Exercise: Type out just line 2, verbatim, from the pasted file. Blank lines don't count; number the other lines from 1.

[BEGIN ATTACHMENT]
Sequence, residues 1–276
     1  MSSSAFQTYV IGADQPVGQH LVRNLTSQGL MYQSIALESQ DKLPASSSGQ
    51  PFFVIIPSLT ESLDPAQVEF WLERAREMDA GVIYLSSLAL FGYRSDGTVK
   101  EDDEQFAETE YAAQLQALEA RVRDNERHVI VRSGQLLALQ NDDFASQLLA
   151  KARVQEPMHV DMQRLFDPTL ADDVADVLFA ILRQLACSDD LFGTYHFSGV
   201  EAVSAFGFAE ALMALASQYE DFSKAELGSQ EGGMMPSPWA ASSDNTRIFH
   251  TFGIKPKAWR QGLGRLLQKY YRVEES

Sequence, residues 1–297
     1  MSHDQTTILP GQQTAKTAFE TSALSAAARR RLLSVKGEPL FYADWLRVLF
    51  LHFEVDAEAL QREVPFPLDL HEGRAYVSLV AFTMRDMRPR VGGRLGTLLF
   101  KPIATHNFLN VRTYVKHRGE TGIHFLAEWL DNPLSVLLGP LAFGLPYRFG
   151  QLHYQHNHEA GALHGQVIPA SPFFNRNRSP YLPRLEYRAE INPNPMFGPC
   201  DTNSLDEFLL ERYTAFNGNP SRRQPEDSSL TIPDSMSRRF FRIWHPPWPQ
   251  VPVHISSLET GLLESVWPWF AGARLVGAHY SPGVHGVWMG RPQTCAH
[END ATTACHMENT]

     1  MSSSAFQTYV IGADQPVGQH LVRNLTSQGL MYQSIALESQ DKLPASSSGQ